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Re: Strength measurements with RTL-SDR dongle

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  • Bookcollector
    Yes the bandwidth is continuously adjustable and is displayed on the left side, but the screen displays up to two megaHertz at a time and signal levels don t
    Message 1 of 16 , Jan 22, 2013
      Yes the bandwidth is continuously adjustable and is displayed on the left side, but the screen displays up to two megaHertz at a time and signal levels don't change when narrowing the bandwidth or narrowing the spectrum displayed. The only thing that will change the signal level is opening configuration and changing the RF Gain. You can change the bandspread to display only about 100 hz and the level of a signal remains the same as when it displayed 2 mHz. You can narrow the filter to 600 Hz or widen it to 250000 and no difference.

      I thought I was ordering a neat toy but it has turned out to be no toy, but a capable SDR and spectrum monitor 24-1700mHz. I was just reading someone's post about SDRs written in 2010 and the guy was saying that it would cost in the thousands to buy an SDR that really worked at VHF and UHF frequencies. How time flies! I listened to the NA QSO Party last weekend on 10 meters and after getting used to the waterfall and figuring out how to use it to tune SSB signals, it was very competitive with my IC-706mkIIg.

      I see that they have similar dongles for ATSC TV that run about $30-40, but no SDR capability yet there.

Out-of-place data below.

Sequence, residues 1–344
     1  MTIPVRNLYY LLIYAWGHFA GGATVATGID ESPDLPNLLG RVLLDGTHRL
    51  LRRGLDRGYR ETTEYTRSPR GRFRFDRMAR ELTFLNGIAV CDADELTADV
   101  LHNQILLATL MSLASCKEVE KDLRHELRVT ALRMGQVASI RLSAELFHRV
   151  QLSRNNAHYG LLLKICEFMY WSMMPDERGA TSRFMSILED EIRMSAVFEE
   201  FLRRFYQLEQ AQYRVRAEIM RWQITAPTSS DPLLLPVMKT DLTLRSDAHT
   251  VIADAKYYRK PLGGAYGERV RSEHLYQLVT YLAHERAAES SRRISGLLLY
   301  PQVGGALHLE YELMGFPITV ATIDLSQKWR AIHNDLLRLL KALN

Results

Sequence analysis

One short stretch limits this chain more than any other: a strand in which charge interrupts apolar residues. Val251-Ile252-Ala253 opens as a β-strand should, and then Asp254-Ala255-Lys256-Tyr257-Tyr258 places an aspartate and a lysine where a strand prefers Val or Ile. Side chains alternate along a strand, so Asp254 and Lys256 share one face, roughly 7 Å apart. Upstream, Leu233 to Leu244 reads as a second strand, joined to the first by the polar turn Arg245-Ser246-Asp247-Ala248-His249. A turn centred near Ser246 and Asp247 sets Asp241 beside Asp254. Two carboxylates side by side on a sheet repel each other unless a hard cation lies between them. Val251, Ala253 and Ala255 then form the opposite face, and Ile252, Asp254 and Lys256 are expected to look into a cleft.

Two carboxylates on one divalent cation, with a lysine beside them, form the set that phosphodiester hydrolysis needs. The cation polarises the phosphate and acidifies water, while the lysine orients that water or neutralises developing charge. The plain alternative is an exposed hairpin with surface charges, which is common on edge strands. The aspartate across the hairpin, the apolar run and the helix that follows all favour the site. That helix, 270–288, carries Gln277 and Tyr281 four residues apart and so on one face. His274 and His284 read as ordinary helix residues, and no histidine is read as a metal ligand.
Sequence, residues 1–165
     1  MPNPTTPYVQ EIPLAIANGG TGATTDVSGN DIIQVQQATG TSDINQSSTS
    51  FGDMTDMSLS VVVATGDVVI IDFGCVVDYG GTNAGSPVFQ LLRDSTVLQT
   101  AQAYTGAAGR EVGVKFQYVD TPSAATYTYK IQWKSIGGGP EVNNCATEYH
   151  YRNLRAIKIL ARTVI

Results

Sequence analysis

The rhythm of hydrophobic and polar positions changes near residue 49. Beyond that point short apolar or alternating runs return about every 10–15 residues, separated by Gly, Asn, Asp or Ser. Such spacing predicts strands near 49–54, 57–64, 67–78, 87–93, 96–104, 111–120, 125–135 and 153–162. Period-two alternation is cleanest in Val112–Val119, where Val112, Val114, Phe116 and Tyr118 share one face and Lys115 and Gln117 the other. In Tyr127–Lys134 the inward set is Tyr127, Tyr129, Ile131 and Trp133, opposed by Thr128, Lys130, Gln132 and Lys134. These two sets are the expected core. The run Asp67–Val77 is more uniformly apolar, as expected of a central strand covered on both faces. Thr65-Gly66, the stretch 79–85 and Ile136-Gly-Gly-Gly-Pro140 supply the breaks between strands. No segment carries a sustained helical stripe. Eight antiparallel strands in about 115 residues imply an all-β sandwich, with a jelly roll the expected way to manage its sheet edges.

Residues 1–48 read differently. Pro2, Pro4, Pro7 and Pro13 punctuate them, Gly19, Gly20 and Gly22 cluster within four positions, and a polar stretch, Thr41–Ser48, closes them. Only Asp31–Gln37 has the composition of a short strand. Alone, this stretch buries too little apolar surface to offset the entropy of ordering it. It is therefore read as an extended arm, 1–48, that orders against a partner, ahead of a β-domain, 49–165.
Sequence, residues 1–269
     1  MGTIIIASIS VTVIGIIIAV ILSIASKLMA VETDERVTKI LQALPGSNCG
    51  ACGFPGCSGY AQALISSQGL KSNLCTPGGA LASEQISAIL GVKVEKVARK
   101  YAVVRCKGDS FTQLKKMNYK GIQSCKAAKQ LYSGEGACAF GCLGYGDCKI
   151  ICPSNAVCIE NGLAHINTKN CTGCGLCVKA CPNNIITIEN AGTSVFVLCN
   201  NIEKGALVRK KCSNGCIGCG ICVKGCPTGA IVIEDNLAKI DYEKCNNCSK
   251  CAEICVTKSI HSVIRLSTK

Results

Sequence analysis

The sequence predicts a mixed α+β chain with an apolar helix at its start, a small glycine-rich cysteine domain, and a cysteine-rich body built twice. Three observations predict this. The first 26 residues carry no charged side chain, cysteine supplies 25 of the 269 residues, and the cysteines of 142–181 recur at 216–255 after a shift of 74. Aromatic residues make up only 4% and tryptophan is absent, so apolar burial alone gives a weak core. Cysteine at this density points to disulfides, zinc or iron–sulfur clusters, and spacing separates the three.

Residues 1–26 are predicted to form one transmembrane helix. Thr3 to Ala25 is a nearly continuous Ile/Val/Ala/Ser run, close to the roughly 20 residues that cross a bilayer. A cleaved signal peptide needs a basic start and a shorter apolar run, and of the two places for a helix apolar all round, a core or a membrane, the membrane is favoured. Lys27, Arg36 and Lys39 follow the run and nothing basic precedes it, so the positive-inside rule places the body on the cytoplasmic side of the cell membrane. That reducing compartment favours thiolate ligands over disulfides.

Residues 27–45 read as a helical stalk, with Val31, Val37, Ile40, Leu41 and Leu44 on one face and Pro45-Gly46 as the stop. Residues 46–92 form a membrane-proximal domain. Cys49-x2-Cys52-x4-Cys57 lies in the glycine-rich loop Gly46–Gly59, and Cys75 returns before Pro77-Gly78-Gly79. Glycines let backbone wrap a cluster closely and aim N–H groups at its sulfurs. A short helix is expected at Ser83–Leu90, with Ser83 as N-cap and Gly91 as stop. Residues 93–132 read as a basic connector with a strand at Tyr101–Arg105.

Ernie
      W6KAP

      --- In HDTV-in-SFbay@yahoogroups.com, Ron Economos wrote:
      >
      > Isn't the filter bandwidth displayed on the left like this
      > picture of the program (showing 14.110 kHz)?
      >
      > http://sdrsharp.com/downloads/sdrsharp.png
      >
      > Ron
      >
      > On 1/22/2013 2:03 PM, Bookcollector wrote:
      > >
      > > Yes, using SDRSharp with a dongle that has the R820T tuner.
      > > Ernie
      > >
      > > --- In HDTV-in-SFbay@yahoogroups.com
      > > , Ron Economos wrote:
      > > >
      > > > Are you using the SDR# software?
      > > >
      > > > Ron W6RZ
      > > >
      > > > On 1/21/2013 9:56 PM, Bookcollector wrote:
      > > > >
      > > > > I'm not sure exactly what I'm measuring. What I'm comparing is the
      > > > > level of the ATSC carrier in relation to the area of the signal
      > > > > immediately surrounding it. If I spread out from 1kHz to 250kHz
      > > > > bandwidth it makes no difference. If I look at the whole 2mHz that
      > > I'm
      > > > > able to see, the peak is still the same. I believe that the
      > > display is
      > > > > based on the 2 mHz of spectrum the SDR is looking at. If I tune to
      > > the
      > > > > edge of a channel then the noise level where no signal is present is
      > > > > another 10 db down, more or less. So what I'm measuring when I say
      > > > > that the ATSC carrier is 20db above the noise is that the carrier
      > > > > (xx0.31mHz)is 20 db above the surrounding noise (which is signal) and
      > > > > about 30 db above a quiet frequency with no signal. Of course, the
      > > > > entire signal (adjacent noise level) is also reduced with a weak
      > > carrier.
      > > > > Ernie
      > > > > W6KAP
      > > > >
      > > > > --- In HDTV-in-SFbay@yahoogroups.com
      > >
      > > > > , Ron Economos wrote:
      > > > > >
      > > > > > Be aware that your filter bandwidth on the SDR will make a
      > > > > > huge difference in detecting carriers. A 6 kHz filter bandwidth
      > > > > > gives you a 30 dB advantage over a regular ATSC receiver
      > > > > > that must use a 6 MHz bandwidth.
      > > > > >